Carnegie Panel Honors Rescuer of Lion Victim
Seven months had passed and he was beginning to forget all about it, Gregory Ysais Jr. of Mission Viejo said Thursday.
“Then I find out the news this morning, and it all kind of came back,” said the 36-year-old electronics technician.
The news was that Ysais was one of 19 people in the United States and Canada honored for their heroism by the Carnegie Hero Fund Commission in Pittsburgh, Pa. Each honoree will receive a medal and $2,500 in cash.
What came back to Ysais was the memory of 5-year-old Laura Michele Small of El Toro in the jaws of a mountain lion at a southern Orange County wilderness park. The bloody sight cost him sleep for a long time afterward, he said Thursday.
The blond, blue-eyed youngster had been carried off by the cougar last March 23 at Ronald W. Caspers Wilderness Park near San Juan Capistrano. Ysais, drawn by the screams of the girl’s mother, confronted the lion. By shouting and swinging at the cougar with a tree branch he had broken off, Ysais forced the cat to drop the child and flee.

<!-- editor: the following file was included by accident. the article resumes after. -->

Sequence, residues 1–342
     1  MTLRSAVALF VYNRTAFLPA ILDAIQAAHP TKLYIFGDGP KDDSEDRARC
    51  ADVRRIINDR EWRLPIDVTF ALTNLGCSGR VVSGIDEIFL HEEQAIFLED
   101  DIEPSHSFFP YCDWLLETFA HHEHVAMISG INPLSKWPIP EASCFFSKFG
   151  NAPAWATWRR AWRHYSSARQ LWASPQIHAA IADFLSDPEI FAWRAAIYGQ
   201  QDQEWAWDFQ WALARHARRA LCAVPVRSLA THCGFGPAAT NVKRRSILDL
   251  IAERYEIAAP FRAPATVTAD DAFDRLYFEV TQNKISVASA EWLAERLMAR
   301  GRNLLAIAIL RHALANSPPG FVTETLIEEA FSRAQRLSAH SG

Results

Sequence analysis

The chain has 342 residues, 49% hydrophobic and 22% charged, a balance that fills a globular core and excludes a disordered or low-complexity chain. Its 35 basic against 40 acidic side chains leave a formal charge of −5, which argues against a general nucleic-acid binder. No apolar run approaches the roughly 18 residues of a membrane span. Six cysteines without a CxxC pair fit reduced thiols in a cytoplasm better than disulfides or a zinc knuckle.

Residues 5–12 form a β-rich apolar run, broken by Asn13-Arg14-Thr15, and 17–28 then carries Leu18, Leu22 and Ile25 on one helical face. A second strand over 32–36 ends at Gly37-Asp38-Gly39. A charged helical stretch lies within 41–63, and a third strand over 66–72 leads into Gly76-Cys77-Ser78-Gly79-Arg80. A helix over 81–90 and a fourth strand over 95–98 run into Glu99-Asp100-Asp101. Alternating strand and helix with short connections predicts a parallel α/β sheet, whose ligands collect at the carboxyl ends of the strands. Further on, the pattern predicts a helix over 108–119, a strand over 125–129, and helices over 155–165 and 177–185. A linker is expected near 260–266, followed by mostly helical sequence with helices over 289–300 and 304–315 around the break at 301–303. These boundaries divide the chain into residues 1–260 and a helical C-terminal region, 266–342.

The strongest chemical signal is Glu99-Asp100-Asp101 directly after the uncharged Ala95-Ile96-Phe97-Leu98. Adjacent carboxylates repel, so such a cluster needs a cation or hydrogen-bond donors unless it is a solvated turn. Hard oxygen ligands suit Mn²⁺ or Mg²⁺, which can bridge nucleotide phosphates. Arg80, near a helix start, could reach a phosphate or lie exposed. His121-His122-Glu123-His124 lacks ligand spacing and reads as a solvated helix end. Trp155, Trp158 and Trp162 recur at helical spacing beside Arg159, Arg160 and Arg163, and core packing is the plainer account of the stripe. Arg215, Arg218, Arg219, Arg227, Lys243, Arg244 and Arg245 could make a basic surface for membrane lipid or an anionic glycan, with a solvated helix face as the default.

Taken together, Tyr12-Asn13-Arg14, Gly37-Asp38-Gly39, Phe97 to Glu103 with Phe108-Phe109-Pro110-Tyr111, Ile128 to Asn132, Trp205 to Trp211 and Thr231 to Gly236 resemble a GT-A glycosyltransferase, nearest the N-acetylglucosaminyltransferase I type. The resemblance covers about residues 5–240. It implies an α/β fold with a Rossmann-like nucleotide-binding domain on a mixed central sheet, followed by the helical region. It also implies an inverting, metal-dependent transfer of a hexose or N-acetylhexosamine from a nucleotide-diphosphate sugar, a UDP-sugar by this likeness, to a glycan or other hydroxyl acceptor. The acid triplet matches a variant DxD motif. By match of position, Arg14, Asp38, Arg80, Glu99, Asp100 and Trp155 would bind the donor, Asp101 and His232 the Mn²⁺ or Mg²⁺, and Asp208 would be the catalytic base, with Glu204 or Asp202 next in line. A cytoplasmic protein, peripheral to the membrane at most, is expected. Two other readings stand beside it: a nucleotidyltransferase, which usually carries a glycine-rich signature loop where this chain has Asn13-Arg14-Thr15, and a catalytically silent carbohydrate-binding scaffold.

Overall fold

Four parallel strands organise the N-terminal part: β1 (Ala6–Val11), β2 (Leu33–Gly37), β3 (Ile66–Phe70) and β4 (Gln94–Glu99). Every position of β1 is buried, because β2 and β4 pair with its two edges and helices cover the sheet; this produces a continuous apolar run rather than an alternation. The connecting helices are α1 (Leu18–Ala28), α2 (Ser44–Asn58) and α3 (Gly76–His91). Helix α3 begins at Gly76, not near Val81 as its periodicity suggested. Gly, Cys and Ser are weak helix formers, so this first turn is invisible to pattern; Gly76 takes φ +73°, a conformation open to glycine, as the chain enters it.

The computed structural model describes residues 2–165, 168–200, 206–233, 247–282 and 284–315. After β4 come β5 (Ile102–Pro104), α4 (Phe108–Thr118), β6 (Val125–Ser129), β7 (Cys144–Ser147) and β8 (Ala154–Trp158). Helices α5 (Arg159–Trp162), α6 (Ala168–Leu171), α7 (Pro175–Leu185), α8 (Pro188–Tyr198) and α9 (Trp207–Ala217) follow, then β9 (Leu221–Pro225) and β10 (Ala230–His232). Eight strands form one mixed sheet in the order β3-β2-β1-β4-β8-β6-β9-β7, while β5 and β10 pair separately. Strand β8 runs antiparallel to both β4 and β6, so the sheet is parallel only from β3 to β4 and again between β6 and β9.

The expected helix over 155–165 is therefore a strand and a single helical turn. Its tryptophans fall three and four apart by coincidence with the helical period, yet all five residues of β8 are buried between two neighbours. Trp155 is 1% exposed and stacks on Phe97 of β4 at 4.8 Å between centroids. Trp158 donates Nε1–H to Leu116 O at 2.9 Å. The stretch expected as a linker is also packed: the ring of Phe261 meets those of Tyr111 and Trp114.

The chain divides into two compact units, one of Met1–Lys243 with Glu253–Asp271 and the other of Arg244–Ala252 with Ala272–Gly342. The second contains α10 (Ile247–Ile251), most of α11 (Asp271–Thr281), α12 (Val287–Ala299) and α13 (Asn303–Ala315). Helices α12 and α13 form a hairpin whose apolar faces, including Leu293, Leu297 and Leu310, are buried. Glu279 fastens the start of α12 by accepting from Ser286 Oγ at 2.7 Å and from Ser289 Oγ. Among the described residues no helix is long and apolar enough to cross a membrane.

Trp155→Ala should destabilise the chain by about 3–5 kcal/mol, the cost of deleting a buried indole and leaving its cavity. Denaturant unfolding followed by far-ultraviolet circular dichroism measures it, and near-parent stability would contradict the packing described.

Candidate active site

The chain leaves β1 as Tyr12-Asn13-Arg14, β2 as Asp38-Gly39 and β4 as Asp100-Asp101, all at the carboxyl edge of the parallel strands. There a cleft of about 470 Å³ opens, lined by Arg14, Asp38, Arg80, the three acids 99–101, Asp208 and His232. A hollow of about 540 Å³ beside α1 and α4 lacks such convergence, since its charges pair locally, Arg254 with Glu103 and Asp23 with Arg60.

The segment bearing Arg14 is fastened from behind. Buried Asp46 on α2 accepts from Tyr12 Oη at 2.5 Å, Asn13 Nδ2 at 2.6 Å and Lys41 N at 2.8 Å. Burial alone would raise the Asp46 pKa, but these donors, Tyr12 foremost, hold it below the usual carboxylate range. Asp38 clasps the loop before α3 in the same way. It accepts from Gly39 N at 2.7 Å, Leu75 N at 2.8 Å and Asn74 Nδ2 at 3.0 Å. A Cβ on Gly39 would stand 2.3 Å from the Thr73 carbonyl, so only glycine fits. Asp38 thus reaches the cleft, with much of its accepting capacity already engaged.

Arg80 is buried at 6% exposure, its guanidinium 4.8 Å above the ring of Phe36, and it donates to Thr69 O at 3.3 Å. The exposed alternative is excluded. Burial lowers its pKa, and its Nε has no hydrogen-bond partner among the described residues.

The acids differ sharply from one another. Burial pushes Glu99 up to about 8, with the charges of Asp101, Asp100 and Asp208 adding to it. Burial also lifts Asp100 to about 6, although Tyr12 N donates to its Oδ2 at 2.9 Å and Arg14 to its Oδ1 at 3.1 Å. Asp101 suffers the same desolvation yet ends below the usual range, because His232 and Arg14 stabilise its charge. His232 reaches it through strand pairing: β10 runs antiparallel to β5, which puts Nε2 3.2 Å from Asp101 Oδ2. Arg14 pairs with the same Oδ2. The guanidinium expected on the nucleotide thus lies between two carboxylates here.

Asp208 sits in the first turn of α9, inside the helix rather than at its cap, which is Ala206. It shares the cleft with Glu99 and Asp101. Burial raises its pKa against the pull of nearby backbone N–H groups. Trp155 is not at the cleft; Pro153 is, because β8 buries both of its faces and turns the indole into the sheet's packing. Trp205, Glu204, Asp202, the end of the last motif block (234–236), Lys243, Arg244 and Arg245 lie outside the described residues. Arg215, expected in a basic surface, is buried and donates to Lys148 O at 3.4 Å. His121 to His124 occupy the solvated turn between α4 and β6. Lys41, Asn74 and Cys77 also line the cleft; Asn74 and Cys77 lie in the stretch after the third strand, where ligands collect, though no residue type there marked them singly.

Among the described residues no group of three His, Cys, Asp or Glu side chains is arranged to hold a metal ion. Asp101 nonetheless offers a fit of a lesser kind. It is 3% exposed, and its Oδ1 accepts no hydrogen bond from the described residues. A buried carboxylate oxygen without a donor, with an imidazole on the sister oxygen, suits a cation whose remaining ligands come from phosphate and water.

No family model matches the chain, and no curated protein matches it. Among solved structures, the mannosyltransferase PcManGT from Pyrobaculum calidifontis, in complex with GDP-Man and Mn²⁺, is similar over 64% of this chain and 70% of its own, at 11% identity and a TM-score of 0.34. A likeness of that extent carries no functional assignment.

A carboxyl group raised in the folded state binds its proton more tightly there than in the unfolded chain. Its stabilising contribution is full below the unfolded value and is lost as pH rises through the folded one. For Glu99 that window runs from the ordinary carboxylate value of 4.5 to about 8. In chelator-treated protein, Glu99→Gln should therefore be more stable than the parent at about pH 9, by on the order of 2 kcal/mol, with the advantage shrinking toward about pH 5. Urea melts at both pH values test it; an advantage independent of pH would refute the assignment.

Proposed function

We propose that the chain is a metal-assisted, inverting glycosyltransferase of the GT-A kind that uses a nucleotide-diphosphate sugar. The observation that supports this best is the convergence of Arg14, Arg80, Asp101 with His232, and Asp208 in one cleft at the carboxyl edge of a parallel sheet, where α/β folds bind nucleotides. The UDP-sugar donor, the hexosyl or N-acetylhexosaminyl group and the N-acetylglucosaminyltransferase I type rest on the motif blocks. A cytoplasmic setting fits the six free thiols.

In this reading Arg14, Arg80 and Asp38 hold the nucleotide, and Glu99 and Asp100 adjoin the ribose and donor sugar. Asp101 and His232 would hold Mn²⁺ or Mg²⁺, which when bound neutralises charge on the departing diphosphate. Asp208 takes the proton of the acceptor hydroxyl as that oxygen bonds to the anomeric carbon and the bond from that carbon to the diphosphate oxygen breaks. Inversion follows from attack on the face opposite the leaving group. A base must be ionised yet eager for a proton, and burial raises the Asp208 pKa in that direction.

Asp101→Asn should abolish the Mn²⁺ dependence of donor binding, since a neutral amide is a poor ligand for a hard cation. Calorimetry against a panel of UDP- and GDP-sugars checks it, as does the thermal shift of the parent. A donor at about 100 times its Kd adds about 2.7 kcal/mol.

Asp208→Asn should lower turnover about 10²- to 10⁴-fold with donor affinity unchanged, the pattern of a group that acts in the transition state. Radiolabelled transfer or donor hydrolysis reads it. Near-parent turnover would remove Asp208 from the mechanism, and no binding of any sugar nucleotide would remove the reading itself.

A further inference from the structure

Laura survived the attack but still suffers from partial paralysis and the loss of sight in one eye.
Since then, a second child has been attacked by a mountain lion in the park, suffering injuries that required more than 100 stitches.
“There’s no ceremony,” said Ysais (pronounced ee-SIGH-iss). “I think everything’s done by mail. That’s OK with me. I’m not much for speeches.”
Ysais said he has no specific plans for spending his $2,500 cash award. “It’s getting pretty close to Christmas,” he said. “It’ll probably go for that.”
Following the attack on Justin Mellon, 6, of Huntington Beach on Oct. 19, the 7,500-acre park was closed while hunters aided by teams of tracking dogs searched unsuccessfully for the mountain lion.
On Wednesday, the Board of Supervisors imposed restrictions on public access to the park, including an order that children not be permitted beyond a picnic area near the entrance, and then only under the supervision of an adult. When Caspers Park is reopened, sometime after Jan. 2, adults must have permits to go elsewhere inside the park and will be required to travel in groups of two or more.
Among the others named Thursday by the Carnegie Commission was Darryl Lindsay Curran, 33, of San Diego, who saved two boys from their burning car in Escondido on Oct. 2, 1985.